• The  Amsterdam  Area  wants  to  invest  heavily  in  services  in order  to  strengthen  its  position  as  a  place  of  business  for (international)  headquarters.   This  will  involve  improving  the infrastructure  of  expertise,  stimulating  knowledge  valorisation and  services  innovation,  as  well  as  uniting  expertise  regarding finance,  trade,  logistics,  legal  affairs  and  ICT.  Further improvement of the preconditions for a sound business climate (including  excellent  (digital)  infrastructural  facilities)  needs  to result  in  even  more  international  companies  establishing their business  in  the  area.   Other  important  factors  are  high-level cultural  facilities,  a  focus  on  sustainability,  and  an  open, international mindset.

With  the  support  of  ICT  and  the  Creative  Industries,  the ambition  of  the  Amsterdam  Area  is  to  realise  pioneering innovations in various fields. The chance to stand out can be found  in  the  crossovers  between  ICT  and  the  Creative Industries  and  other sectors,  and  as well  as  in  the  application potential of smart  systems.  Another  area  in  which the  region can excel is creative and e-Humanities research in fields such as e-Tourism and Smart Logistics. Full advantage should be taken of this potential through, for example, the creation of a Creative Campus, as a significant follow-up of the Amsterdam Smart City project (awarded by the EU) and by effectively strengthening the position  of  the  Netherlands  with  regard  to  data  storage  and processing. The Amsterdam Area plans to position itself as the world’s first World Smart Capital and to support this claim with a  wide  range  of  events,  congresses,  international  exchange programmes, and knowledge development programmes.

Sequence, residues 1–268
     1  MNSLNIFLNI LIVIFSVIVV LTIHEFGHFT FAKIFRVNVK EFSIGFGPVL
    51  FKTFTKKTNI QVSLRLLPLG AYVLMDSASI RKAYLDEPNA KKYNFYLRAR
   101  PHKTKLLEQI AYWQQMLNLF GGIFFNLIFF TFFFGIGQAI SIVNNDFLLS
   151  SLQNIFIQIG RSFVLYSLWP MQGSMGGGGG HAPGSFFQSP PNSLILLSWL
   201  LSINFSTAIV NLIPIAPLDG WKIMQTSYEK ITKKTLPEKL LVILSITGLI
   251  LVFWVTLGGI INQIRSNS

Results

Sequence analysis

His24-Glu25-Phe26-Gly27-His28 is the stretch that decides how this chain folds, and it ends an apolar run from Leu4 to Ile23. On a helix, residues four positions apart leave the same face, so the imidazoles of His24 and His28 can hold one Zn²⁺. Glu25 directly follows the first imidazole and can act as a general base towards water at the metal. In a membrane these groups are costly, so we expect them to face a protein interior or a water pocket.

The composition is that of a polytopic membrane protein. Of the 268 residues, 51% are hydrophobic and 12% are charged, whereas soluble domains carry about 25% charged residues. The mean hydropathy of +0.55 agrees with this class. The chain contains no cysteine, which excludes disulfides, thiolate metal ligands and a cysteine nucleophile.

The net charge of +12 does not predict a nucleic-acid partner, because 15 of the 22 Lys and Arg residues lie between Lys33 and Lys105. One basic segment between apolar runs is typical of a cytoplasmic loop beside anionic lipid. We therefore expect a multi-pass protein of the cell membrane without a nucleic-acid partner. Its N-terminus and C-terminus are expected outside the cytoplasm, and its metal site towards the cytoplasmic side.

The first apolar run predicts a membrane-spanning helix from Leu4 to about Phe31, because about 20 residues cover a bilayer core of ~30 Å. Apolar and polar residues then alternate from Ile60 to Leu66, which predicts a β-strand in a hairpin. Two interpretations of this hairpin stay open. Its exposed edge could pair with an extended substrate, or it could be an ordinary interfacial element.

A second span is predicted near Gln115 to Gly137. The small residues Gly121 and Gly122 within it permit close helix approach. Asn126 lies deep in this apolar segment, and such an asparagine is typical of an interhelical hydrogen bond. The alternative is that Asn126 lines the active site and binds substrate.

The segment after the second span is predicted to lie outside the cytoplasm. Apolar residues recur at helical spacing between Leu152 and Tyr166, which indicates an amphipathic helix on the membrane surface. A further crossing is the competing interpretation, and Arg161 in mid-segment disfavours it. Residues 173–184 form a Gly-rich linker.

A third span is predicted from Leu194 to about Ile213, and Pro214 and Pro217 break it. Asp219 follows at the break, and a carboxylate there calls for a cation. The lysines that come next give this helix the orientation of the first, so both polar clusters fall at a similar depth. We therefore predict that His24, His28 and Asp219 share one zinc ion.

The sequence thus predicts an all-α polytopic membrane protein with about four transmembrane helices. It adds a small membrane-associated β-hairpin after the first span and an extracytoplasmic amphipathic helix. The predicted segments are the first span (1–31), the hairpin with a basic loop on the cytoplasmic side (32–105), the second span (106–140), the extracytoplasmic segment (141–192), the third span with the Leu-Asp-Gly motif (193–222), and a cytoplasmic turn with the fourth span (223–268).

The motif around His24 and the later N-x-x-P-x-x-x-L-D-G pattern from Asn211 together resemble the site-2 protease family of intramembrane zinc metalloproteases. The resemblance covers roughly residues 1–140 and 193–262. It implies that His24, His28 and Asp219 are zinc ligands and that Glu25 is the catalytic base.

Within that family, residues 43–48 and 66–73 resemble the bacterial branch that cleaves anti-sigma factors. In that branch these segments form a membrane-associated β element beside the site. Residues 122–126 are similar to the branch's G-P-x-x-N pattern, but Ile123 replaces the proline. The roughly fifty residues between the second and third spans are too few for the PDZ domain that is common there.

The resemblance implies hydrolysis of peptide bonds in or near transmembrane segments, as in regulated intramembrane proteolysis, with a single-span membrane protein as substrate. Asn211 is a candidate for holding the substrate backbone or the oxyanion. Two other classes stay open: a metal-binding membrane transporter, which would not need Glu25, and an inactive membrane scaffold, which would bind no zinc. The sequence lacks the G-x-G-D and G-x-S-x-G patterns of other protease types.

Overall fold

• The  Amsterdam  Area  wants  to strengthen  the position  of  the Netherlands  as  a  trading  country.  This  will  require  improved chain  management  in  the  logistics  sector  supported  by  ICT (Seamless Connections), and further development of the leading position  with  regard  to  innovations  in  the  agri-food  and horticulture  sector  in  the  Netherlands.  The  Board  has  the ambition to duplicate R&D and the number of new spin offs in the Amsterdam Area.
  • The  Amsterdam  Area  wants  to  strengthen  the  sector  biomedical Life  Sciences  by  investing  in valorization  and  attracting companies  to  the  region,  as  well  as  in  the  research infrastructure  (including  an  imaging  centre  for  oncology  and neurosciences, tying in with the European interest into research in  the  fields  of  ageing  and  Alzheimer’s  disease).   Green  Life Sciences  is  a  new  niche,  rich  in  potential  which  the  Board  is keen to develop through investment in the Green Life Sciences Hub.   This  hub  will  be  a  hotspot  of  collaboration  between science  and  business  that  will  help  to  guarantee  the  leading position of the Food and Flower industry.